Monday, 18 December 2017

Spending A Day With Guillermo del Toro’s “At Home With Monsters”


Guillermo del Toro has created some of the most detailed, immersive fantasy worlds in screen history—environments you feel like you can reach out and touch.
Read the full article: Spending A Day With Guillermo del Toro’s “At Home With Monsters”

Sunday, 17 December 2017

The Most Savage Burns of 2017

We’re not haters here. Book Marks is a benevolent oracle, existing only to enlighten. All we want is to spread the gospel of high quality literary criticism so that our readers can find the books they’ll love.
Read the full article: The Most Savage Burns of 2017

Monday, 11 December 2017

The Witcher to Be Developed by Lauren Schmidt Hissrich for Netflix


Lauren Schmidt Hissrich is set to develop The Witcher stories as a series for Netflix, according to Variety. The Witcher stories first appeared in the Polish science-fiction magazine Fantastyka from author Andrzej Sapkowski in the 1980s.
Read the full article: The Witcher to Be Developed by Lauren Schmidt Hissrich for Netflix

Why You Should Surround Yourself With More Books Than You'll Ever Have Time to Read


Lifelong learning will help you be happier, earn more, and even stay healthier, experts say. Plus, plenty of some of the smartest names in business, from Bill Gates to Elon Musk, insist that the best way to get smarter is to read. So what do you do? You go out and buy books, lots of them.
Read the full article: Why You Should Surround Yourself With More Books Than You'll Ever Have Time to Read

Sunday, 10 December 2017

ODIN'S GIRL by Kim Wilkins

At three months of age, Sara had crushed her grandmother’s index finger. Turned the bone to sawdust. By ten months she had broken six cots and her mother gave up and let her share the double bed. Nobody was allowed to give her wooden toys.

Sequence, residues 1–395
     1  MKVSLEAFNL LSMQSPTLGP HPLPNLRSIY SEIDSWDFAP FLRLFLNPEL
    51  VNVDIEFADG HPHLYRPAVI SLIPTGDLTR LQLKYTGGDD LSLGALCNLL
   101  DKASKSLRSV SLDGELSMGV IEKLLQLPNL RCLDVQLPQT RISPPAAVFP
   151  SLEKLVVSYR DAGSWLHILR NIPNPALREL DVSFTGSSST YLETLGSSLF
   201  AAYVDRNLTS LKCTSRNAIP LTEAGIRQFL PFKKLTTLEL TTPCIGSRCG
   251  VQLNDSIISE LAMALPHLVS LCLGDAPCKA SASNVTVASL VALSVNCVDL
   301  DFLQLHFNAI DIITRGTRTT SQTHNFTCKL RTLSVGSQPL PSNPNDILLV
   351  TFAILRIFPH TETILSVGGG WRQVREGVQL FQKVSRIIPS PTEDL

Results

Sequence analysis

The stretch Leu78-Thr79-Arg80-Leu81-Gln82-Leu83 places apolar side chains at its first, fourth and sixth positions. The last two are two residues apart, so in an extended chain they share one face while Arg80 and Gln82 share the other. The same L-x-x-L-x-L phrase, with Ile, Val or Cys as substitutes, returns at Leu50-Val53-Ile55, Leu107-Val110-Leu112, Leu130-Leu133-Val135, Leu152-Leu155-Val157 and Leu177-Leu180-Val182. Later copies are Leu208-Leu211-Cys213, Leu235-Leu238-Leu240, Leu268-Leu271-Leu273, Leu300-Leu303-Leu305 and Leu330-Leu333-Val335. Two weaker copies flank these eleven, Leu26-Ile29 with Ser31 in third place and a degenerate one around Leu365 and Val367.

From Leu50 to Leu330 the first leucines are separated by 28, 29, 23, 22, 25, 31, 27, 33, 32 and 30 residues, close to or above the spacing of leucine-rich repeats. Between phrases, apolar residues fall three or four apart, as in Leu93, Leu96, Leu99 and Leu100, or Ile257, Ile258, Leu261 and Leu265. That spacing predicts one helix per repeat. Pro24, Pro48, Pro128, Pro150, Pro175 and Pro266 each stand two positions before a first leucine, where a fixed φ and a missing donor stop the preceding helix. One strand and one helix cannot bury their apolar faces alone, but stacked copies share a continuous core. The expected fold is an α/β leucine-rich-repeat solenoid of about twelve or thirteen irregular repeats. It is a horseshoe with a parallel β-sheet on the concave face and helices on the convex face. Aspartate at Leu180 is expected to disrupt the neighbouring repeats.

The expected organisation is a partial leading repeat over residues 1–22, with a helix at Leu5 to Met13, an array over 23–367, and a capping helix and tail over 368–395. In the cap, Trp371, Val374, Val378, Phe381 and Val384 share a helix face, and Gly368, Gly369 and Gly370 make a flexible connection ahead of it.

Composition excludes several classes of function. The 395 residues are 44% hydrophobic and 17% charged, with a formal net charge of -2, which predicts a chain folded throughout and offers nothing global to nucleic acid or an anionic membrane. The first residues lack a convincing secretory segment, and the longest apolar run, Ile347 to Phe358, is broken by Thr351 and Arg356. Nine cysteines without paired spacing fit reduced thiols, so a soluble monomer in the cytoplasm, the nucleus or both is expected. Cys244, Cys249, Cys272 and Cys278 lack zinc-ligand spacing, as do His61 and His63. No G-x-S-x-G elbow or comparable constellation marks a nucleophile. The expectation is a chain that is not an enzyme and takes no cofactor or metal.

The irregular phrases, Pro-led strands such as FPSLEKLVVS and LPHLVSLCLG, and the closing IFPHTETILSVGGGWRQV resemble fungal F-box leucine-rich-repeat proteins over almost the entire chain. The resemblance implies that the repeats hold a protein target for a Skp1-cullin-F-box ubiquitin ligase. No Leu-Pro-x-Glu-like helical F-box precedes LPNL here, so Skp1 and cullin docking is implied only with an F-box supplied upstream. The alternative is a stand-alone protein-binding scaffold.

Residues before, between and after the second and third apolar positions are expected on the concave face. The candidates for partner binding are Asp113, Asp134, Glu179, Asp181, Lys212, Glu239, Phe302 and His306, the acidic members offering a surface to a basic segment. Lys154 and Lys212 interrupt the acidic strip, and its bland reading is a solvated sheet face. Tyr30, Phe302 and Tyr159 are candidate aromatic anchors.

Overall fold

Read the full article: ODIN'S GIRL by Kim Wilkins

Saturday, 9 December 2017

AlphaZero Annihilates World’s Best Chess Bot After Just Four Hours of Practicing


A few months after demonstrating its dominance over the game of Go, DeepMind’s AlphaZero AI has trounced the world’s top-ranked chess engine—and it did so without any prior knowledge of the game and after just four hours of self-training.
Read the full article: AlphaZero Annihilates World’s Best Chess Bot After Just Four Hours of Practicing

Friday, 8 December 2017

The Oldest Items in 13 Wonderfully Specific Libraries


Some of the world’s best, most interesting libraries are not grand buildings with the extensive collections, but small spaces dedicated to one wonderfully specific type of work. There are libraries that focus on lesbian history and ones that keep only works connected to the human imagination.
Read the full article: The Oldest Items in 13 Wonderfully Specific Libraries

Guillermo del Toro's The Shape of Water Is a Beautiful Love Story Where the Story Doesn't Matter


In Guillermo del Toro’s latest film The Shape of Water, a mute cleaning lady falls in love with a mysterious fishman. It’s a weird premise, to be sure, but nothing about how it’s handled feels weird.
Read the full article: Guillermo del Toro's The Shape of Water Is a Beautiful Love Story Where the Story Doesn't Matter

Apex Book of World SF 5 Out Next Year!

Apex Publications recently announced a new Apex Book of World SF, expected out next year. This fifth volume will be edited by Cristina Jurado, editor of SuperSonic and Apex Magazine’s international fiction editor. Can’t wait!!!
Read the full article: Apex Book of World SF 5 Out Next Year!

Thursday, 7 December 2017

Aurora Australis: Superheroes, Merfolk, and Corporate Insects

Welcome to Aurora Australis, a monthly round-up of publishing news and highlights from Australia and New Zealand! In Australia, there’s been controversy over which national politicians are actual dual citizens or not (thus invalidating their election as members of parliament), and we voted yes in
Read the full article: Aurora Australis: Superheroes, Merfolk, and Corporate Insects

Monday, 4 December 2017

Rare Manuscript Exhibit Explores How Climate Disasters Create Monsters


In April 1815, a volcano in the East Indies erupted with cataclysmic force, releasing a plume of ash that circled the entire globe. In the weeks and months that followed, the skies grew dim and global temperatures plummeted. Crop failures, famine, disease, and death ensued.
Read the full article: Rare Manuscript Exhibit Explores How Climate Disasters Create Monsters

Robins of the Hood: Robin Hood Retellings and Histories

Robin Hood is another one of those legends (along with Arthurian legend) that grabbed my attention from a young age. I’ve always been an Anglophile, so I was bound to be intrigued by it, but I think it goes deeper than that.